NYC residents know that there are many ways to rent an apartment or home. While most people have a written lease, this is not always the case. Sometimes landlords use more informal methods, such as a verbal agreement.
What are your options if you do not have a written lease? Does it give your landlord the freedom to change the terms of your lease agreement, including the rent, at any time?
Tenants' rights attorney Sam Himmelstein says that a verbal agreement is still a binding agreement. So depending on your specific circumstances, your landlord may not be allowed to just raise your rent. But it is important to know how the law applies to your situation.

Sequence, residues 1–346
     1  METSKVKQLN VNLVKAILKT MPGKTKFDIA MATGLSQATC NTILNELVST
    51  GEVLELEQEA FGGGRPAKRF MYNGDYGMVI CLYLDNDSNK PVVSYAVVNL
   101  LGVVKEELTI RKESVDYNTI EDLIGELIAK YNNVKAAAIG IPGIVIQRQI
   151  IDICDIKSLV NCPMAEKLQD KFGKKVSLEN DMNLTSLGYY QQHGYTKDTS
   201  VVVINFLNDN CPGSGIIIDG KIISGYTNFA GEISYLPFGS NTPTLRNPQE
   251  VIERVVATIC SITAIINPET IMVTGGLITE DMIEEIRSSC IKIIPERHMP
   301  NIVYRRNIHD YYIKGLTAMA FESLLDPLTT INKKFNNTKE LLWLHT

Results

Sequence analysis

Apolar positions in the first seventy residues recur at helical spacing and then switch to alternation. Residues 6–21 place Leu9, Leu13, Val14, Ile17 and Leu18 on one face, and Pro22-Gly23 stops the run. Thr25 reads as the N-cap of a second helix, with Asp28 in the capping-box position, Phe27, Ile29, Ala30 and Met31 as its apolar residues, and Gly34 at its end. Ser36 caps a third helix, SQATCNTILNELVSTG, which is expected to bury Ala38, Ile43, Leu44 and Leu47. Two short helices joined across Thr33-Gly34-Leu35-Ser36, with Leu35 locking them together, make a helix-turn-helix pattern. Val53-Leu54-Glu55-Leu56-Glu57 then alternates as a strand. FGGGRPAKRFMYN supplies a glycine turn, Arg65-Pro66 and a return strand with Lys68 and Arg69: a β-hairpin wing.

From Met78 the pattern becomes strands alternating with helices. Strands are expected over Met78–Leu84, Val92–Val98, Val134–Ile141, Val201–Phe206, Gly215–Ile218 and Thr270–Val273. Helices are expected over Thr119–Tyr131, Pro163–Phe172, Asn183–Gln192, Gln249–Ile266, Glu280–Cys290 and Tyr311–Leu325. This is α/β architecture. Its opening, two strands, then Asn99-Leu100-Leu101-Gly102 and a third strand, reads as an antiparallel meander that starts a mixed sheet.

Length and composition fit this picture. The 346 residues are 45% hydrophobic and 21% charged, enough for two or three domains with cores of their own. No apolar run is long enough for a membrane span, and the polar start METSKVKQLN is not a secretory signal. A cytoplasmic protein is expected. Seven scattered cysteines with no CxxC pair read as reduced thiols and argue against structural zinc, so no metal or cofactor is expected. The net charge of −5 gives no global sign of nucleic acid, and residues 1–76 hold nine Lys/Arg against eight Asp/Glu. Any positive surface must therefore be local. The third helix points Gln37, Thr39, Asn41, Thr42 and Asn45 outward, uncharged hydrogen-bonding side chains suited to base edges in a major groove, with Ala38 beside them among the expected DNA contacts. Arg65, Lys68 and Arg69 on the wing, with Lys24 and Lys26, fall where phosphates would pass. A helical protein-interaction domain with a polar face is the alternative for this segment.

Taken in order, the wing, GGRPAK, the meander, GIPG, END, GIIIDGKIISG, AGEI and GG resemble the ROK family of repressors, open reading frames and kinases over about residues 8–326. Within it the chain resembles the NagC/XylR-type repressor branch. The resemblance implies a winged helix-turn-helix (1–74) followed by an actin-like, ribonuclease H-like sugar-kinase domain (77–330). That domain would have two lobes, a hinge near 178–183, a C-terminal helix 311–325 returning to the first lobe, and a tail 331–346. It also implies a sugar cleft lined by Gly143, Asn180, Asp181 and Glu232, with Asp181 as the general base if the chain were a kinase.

If you live in a building that is rent-stabilized or rent-controlled, there are laws that the landlord must follow when raising the rent. If you live in an unregulated or market-rate apartment, the landlord can raise your rent as he or she chooses when you renew your lease. They cannot, however, violate the terms of your lease. Landlords who violate the terms of any lease can be held accountable. A lease is a contract, and if a landlord violates the terms, he or she is in breach of contract.
Are you being harassed or facing eviction?
It is extremely common for landlords to harass tenants when they want them to move out so they can charge a new tenant a higher rent. Even if you have a verbal lease agreement, you still have rights. Tenant harassment is illegal.
The city offers free legal counsel to lower-income tenants facing eviction - call 311 or click here for more information. You can also hire a lawyer to represent you in Housing Court if your landlord is harassing you or threatening you with eviction. This is a complex issue, especially if you have a verbal agreement, and having a lawyer on your side is beneficial.